Recent shopping experience reinforces the need for communication to go both ways!

We all have a certain level of expectation for how and when we “think” people should communicate with us.  A recent NL blog post entitled “Have you mastered The Art of Professional Communication?”  gave tips on how to communicate professionally, but a recent experience sparked my conscience and made me  want to add one more: Don’t avoid communicating!

About a month ago, I went into one of my favorite stores and was told that an item I wanted was no longer in stock in stores, as it was being phased out.  The salesperson suggested I go online to see if there was one available online.  I immediately went online and found the item was still in stock there. I ordered quite a few, because I was afraid there soon would be none left online, either. I was also enticed by the $1.00 shipping bonus they offered.

After completing my transaction, I got a confirmation email of the sale, then another notification of my anticipated ship date, followed by an email saying “It’s Shipped.”  After the delivery date, I received another email asking me to complete a small survey about my shopping experience. Of course, I didn’t respond to it, because the experience was over and satisfactory. I got my product!

The online store has continued to send emails asking me about my experience. They are little friendly reminders like “Don’t forget…” and “Help make us better by…”  And until today, I have been steadfastly ignoring them.

Today, while trying to ensure that NL clients and law firm members have resolved communication issues, something set off a spark in me.  By my not completing that 30-second survey about my recent online shopping experience, I was responding in the same way that my customers sometimes respond to me about NL service matters. They receive what they asked me for and check it off their list.  Forgotten is the communication I need from them asking if what they received was enough to satisfy the open service matter with NL, so I can check it off my list. So like the online shopping site, I’m continually sending friendly reminders, “Please advise” requests, and so on.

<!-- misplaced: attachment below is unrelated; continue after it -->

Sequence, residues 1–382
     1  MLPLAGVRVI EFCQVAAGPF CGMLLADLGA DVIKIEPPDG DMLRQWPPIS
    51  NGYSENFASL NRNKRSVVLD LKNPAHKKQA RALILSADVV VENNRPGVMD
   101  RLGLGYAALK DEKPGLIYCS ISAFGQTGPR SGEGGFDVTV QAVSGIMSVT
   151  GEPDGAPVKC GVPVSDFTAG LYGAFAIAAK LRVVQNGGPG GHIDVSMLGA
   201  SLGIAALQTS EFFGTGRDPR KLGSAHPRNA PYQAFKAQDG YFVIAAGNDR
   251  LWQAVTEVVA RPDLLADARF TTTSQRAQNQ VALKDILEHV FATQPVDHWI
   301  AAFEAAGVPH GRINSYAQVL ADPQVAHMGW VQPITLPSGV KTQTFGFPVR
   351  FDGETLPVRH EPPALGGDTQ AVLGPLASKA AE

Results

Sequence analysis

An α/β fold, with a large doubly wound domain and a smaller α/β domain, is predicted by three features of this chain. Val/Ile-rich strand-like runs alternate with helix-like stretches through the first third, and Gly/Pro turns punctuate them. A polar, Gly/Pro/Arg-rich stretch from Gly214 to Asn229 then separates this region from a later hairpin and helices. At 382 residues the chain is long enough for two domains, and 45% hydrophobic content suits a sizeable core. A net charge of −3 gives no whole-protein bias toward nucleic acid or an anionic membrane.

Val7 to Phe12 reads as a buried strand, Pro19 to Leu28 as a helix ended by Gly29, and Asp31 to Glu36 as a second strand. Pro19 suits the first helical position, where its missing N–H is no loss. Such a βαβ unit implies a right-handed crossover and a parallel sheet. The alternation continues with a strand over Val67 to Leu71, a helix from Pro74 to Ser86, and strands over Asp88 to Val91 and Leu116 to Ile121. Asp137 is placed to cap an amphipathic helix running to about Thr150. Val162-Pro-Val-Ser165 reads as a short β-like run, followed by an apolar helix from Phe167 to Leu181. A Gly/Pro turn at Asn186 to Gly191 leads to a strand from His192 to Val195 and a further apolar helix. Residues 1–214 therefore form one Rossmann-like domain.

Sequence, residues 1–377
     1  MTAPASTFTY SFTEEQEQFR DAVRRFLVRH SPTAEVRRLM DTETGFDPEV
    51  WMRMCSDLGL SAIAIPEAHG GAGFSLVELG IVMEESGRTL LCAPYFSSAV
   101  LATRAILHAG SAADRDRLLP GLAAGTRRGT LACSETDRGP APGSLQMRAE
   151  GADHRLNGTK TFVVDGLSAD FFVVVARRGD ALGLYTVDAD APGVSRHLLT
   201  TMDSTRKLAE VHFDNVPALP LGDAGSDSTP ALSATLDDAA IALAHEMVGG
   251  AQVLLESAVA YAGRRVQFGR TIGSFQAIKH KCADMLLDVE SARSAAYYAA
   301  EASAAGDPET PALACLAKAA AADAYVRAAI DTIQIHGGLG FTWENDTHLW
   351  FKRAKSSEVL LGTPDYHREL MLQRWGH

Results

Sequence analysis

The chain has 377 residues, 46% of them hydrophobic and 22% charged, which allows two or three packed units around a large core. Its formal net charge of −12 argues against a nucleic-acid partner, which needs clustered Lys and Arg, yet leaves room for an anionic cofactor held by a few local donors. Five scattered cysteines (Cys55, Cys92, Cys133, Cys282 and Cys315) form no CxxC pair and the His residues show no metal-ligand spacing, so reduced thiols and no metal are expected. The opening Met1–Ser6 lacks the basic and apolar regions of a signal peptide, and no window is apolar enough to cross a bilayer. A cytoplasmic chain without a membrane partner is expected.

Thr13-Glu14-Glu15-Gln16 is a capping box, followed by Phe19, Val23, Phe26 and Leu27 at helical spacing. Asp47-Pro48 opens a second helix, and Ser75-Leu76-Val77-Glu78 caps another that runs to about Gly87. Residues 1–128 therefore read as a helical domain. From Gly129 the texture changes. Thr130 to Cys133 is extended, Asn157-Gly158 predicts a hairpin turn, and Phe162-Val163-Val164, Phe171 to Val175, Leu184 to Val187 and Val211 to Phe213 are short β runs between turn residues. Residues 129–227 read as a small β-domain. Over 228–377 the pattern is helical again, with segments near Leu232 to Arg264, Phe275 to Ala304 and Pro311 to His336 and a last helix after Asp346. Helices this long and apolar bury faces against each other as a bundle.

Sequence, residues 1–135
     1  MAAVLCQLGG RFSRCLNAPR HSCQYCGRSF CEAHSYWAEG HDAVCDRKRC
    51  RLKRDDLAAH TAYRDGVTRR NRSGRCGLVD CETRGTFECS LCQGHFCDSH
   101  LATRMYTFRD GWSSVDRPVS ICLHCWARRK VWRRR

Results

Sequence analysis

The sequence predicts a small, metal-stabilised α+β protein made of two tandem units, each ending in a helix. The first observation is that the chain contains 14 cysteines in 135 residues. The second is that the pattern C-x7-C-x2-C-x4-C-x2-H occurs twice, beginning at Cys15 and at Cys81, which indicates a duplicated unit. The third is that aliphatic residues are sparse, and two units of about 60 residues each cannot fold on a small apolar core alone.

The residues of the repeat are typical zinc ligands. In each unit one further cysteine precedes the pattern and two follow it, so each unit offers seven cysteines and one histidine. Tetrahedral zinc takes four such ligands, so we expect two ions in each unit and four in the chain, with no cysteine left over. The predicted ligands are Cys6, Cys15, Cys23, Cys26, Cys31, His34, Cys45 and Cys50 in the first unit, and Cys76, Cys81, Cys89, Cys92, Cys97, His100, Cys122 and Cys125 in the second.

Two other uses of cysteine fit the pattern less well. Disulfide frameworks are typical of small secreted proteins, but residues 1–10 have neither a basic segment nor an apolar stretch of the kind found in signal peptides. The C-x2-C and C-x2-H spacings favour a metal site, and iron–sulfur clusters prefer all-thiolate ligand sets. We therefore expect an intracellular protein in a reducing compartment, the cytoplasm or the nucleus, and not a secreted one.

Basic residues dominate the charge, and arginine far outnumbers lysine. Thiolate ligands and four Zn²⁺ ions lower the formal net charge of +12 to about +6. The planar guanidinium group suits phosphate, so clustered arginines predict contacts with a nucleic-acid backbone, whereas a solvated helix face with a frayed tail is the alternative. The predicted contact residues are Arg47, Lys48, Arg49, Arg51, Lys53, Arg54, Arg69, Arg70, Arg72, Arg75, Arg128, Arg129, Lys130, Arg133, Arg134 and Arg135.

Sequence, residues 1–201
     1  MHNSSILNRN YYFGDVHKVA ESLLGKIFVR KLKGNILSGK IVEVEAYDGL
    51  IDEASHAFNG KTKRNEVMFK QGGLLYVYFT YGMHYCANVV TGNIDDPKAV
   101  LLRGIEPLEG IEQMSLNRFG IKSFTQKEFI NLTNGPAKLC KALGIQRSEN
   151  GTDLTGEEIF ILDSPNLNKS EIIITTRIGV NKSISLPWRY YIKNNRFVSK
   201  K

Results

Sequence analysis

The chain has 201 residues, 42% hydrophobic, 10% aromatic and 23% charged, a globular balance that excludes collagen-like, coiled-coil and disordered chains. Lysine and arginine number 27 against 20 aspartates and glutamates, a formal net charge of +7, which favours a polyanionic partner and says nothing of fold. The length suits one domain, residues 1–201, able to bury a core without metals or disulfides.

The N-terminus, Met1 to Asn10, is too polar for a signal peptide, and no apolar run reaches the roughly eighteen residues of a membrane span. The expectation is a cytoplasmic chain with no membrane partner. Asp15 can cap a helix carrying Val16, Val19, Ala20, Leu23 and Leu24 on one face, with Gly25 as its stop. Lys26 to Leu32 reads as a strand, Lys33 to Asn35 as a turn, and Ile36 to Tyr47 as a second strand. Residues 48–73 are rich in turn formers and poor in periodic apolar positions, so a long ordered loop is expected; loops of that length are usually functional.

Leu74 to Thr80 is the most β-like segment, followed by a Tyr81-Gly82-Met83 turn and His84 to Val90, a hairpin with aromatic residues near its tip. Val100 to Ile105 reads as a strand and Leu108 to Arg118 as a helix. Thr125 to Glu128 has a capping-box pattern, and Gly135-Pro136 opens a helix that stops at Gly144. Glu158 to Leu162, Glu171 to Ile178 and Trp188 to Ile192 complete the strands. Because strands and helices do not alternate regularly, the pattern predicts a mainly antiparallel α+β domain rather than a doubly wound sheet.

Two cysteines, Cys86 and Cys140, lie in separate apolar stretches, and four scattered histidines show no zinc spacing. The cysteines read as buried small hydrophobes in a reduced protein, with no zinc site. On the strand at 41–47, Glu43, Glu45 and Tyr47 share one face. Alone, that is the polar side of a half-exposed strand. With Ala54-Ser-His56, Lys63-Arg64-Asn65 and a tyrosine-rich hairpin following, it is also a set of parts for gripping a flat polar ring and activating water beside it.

So my new tip is, “Remember, communication is a two way street!”  Communication is like a sentence; it has a beginning and an end. In my example, the “end” is a response to a shopping satisfaction survey or a reply to an email that will let me know your communication issue has been resolved. I resolve to respond to others as I would like them to respond to me!

by Leslie Herr

Categories: Business Relationships, NL Insider

Tags: , , , , ,

1 reply

  1. What a great blog, Leslie, thank you for the friendly reminder.

    Often in life we too often take the time to complain, but don’t take the time to note how we feel the service could have been better or make a point to note when a service is outstanding. I think of all the servers that have served my family and in my head I thought, “what an outstanding server”, but because a manager didn’t approach me during my visit to ask about my experience, I wasn’t able to commend the server to the powers above and just left a larger tip. I can think of numerous times I had a bad experience, and thought to myself they should probably change this so others don’t have the same experience, but I never took the time to let them know how they could possibly resurrect the situation. How can anyone improve if they don’t even know the problem exists. I didn’t read this blog and think, “I have to make a note to complain more”, but instead felt; how can I give feedback to better situations for that vendor &/or situation.

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